Scientists now believe that all such substances accumulate in our bodies; and since they’ve only been used for a few decades, we don’t yet know the long-term effects.

These factors, together with the yearning for self-sufficiency of the hippie culture, strengthened the public desire for natural food products.

Modern food concerns since then—genetically modified foods, mercury poisoning, mad cow disease, fast food, and obesity—have all contributed to the momentum.

What is organic wine?

Many foods are described as “organic” nowadays, but what does it actually mean applied to wine? Making wine is a two-step process: first you grow the grapes and then you make the wine.

That means there’s a difference between wine from “organically grown grapes” and “organic wine.” Grapes that are organically grown must have no synthetic fertilizers, pesticides, herbicides, fungicides or soil fumigants used on them.

Do organic wines use chemicals or not?

The concept that organic grapes are grown without chemicals is misleading. All wine grapes use some form of chemicals in farming, the difference is that organics use chemicals derived from naturally occurring materials.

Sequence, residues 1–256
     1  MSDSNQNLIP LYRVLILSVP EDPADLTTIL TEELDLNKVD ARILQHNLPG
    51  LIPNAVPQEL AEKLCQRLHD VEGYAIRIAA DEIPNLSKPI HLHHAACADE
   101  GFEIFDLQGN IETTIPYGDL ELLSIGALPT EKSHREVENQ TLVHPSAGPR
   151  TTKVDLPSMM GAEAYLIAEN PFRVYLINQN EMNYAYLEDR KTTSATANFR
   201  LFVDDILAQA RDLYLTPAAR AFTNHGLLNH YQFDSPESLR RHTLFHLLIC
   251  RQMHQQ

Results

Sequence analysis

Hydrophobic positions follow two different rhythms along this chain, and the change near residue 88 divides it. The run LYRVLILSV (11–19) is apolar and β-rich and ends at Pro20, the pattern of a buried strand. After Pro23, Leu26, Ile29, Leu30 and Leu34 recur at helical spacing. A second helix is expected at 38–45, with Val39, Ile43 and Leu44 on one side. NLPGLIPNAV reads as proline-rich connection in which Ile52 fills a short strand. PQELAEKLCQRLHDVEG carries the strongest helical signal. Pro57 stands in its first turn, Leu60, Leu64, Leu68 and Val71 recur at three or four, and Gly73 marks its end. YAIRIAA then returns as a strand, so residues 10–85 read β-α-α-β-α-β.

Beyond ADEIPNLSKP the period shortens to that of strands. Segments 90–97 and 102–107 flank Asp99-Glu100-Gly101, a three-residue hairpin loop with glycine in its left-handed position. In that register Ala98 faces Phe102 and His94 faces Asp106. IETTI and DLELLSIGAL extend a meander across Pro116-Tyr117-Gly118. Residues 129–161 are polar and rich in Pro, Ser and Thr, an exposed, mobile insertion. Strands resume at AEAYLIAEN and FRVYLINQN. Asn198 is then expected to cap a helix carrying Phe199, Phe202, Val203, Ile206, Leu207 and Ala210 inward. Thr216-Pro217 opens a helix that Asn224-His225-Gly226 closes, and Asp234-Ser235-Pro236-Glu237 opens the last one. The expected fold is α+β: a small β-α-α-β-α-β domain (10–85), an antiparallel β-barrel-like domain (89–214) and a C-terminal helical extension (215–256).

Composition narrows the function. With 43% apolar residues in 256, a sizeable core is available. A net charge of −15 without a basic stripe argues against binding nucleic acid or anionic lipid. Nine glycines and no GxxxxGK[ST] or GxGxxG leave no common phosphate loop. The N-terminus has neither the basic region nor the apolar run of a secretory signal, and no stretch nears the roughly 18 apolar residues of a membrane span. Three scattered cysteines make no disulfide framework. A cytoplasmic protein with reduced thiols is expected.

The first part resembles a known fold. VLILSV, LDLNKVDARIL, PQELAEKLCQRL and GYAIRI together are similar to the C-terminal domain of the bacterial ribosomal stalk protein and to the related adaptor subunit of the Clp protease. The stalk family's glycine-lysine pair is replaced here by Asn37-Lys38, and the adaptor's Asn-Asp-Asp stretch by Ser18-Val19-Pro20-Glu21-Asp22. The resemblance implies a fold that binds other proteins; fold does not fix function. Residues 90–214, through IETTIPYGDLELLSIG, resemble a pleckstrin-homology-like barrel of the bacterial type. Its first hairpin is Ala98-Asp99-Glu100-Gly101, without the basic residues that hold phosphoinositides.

For example, most organic wine grape growers use sulfur to control powdery mildew and so do grapes purpleconventional growers. The only difference is that the formulations of sulfur used by organic farmers are approved by the U.S. National Organic Standards Board whereas the sulfur used by conventional growers can be any sulfur.

In both cases, these materials are pesticides. It’s true that all synthetic pesticides and fertilizers are “synthesized,” which requires energy. However, organically approved sulfur dust is mined, which also consumes a lot of energy, whereas most synthetic sulfur dust is a by-product of petroleum distillation.

There’s still debate over whether organic grapes are allowed to be irrigated with “gray water” (partially treated waste water). Purists also nix the use of genetically modified vines and growth hormones.

To qualify for the organic designation, the farm or vineyard must be free of synthetic chemicals for a certain period as determined by governmental agencies, such as the Canadian Food Inspection Agency.

This varies by country, but three years is the most common length of time for the soil to be declared free of most chemical residue. “Organic wine” takes the no-chemical use a step further.

It means that not only were the grapes grown organically, but the wine itself was then made with none of the 500 available additives and agents.